Game design, or Bachelor of Science in Interactive Entertainment and Multimedia Computing, was the first course of its kind in the country when it was introduced in 2009. A decade later, as mobile gaming reaches new heights due to the popularity of smartphones, CSB offers two tracks: game development and game art.
In game development, students are taught how to conceptualize different types of games; in game art, they become “technical artists” who focus on the visual side but are also equipped with programming skills.
But the course is more difficult and time-consuming compared to beating Contra with just one life.
“Making games are different from playing games,” says program chair Abet Ongkingco. “That’s why the course is very difficult. We have a lot of math, algebra, trigonometry, physics.”
Just because a person is obsessed with games does not mean he or she is automatically a good fit in the program, Ongkingco adds. Half of the students’ stay in school will be spent developing their game, from high-concept document or the proposal, to the presentation.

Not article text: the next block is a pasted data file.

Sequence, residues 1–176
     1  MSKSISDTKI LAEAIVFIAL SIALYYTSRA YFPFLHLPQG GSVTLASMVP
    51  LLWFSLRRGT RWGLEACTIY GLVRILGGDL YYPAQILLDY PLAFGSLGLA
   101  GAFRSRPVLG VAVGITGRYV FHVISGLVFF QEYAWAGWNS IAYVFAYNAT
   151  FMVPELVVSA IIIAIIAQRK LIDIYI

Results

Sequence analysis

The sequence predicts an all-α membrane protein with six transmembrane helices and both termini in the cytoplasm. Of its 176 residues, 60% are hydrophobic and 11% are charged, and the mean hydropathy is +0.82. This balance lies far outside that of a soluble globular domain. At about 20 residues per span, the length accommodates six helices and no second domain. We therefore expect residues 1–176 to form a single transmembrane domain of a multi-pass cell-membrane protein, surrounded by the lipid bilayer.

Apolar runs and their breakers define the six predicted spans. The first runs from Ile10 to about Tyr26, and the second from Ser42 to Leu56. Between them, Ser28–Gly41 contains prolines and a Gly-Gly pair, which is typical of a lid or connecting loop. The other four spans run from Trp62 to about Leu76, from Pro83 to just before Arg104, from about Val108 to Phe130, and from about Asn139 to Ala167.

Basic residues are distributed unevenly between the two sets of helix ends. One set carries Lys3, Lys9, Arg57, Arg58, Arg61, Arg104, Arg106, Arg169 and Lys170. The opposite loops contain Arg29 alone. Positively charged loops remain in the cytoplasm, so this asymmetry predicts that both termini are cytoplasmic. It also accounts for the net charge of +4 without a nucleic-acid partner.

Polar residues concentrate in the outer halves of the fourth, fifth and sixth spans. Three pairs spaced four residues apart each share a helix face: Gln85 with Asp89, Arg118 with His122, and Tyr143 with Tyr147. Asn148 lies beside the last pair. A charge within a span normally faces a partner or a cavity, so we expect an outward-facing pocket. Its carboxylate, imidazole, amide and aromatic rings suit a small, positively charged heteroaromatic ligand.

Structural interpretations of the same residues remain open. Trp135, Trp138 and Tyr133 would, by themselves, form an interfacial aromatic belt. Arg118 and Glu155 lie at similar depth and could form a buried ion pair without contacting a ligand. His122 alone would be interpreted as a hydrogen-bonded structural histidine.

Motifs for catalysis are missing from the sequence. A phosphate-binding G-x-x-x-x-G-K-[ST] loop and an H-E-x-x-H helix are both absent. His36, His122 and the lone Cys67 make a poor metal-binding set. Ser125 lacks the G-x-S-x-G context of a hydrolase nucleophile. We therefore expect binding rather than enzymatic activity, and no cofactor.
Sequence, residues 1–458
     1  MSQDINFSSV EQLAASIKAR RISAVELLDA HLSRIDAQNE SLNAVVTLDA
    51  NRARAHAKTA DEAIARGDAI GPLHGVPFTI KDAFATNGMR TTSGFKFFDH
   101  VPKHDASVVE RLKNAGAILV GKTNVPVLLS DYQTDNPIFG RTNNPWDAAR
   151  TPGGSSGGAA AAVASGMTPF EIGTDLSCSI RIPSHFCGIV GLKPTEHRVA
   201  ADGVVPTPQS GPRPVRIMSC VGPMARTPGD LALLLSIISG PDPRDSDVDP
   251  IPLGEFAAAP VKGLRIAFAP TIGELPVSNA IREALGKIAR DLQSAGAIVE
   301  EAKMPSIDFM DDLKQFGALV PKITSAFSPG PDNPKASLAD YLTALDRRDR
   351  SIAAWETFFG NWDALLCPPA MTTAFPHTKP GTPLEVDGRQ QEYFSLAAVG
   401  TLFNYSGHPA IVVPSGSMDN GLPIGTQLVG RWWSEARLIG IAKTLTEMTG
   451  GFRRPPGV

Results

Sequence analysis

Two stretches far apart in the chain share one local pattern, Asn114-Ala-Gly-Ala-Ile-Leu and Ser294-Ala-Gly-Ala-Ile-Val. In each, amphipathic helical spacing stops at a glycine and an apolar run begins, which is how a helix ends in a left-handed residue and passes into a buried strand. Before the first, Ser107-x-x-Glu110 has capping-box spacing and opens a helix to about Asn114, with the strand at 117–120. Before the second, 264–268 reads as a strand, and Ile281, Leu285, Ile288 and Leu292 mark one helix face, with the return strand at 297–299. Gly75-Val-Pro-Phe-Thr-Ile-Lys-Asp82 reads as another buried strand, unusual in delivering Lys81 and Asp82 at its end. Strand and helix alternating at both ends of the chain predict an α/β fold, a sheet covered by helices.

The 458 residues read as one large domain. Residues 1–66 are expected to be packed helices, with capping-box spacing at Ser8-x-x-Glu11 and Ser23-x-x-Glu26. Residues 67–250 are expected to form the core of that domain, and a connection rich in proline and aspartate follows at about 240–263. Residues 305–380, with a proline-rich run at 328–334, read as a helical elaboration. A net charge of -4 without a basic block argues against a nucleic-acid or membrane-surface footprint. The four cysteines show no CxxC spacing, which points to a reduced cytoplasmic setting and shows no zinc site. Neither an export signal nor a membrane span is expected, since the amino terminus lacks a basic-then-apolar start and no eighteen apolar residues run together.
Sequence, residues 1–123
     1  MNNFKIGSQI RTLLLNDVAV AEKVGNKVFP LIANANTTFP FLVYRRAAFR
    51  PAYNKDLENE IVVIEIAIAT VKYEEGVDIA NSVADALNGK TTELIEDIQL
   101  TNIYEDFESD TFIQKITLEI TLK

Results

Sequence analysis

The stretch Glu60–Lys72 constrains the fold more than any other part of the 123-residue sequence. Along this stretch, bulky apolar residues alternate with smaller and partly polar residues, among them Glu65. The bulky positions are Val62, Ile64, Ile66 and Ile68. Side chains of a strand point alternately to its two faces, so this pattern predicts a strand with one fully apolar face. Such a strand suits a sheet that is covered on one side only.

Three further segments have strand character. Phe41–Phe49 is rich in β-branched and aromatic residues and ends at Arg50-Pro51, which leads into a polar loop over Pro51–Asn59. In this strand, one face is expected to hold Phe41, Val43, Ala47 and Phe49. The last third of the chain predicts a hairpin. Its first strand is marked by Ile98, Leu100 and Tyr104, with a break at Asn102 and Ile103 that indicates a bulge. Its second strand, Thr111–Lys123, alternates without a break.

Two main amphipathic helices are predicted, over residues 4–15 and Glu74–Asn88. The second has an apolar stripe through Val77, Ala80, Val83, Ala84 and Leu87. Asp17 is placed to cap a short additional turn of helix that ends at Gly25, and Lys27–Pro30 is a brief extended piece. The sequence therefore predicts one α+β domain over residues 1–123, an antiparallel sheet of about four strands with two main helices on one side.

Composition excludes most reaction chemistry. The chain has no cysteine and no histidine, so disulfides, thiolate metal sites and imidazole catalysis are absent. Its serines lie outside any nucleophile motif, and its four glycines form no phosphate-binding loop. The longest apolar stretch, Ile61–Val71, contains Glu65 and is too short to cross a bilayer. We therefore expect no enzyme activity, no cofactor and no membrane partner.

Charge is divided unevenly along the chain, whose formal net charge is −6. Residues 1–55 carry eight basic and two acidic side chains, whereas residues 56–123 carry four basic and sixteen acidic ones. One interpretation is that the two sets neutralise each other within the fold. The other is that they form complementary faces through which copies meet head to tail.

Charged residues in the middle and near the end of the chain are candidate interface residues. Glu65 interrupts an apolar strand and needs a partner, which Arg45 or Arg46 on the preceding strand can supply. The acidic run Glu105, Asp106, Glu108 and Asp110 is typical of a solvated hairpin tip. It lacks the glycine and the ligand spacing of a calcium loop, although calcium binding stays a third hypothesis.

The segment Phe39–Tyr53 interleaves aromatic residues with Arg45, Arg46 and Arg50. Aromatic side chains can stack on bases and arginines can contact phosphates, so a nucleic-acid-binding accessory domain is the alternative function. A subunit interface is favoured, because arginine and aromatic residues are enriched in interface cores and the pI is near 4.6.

And the process is not always an automatic levelup. Most students had to restart their projects in the middle of the term for various reasons.
Students develop their projects in computer laboratories like no other. Equipped with top-of-the-line hardware, such as high-end Acer Predator and Alienware computers, the multicolor LED-lit classrooms look more like a gamer’s dream come true than a standard university computer room.
Recently, CSB alumni won Best Game, Best Game Art and Best Narrative of the Story at the Animahenasyon for Tulak, a decision-based adventure game (think “Bandersnatch”), which unlocks a narrative of the Philippines’ war on drugs.
Some students have developed the award-winning virtual reality game Yellow Boat, which simulates how kids in rural areas cross rivers and climb mountains just to get to school.
“The industry is so competitive,” and the CSB program has been keeping up with developments in the industry, says Ongkingco. “CSB provides half of the industry.”
Aside from addicting triple A games, Facebook and smartphones have paved the way for a new set of gamers—the female market. Currently, the $170-billion gaming industry has plenty of room to grow, says Ongkingco.
“There is a need to establish more studios, and a lot of [studios] are setting up now,” he says. Video game company Ubisoft—creator of Assassin’s Creed, Just Dance and Prince of Persia—has a studio in the City of Calamba, Laguna province.
Meanwhile, cyberathletes are limbering up to compete in six esports events in the upcoming Southeast Asian Games.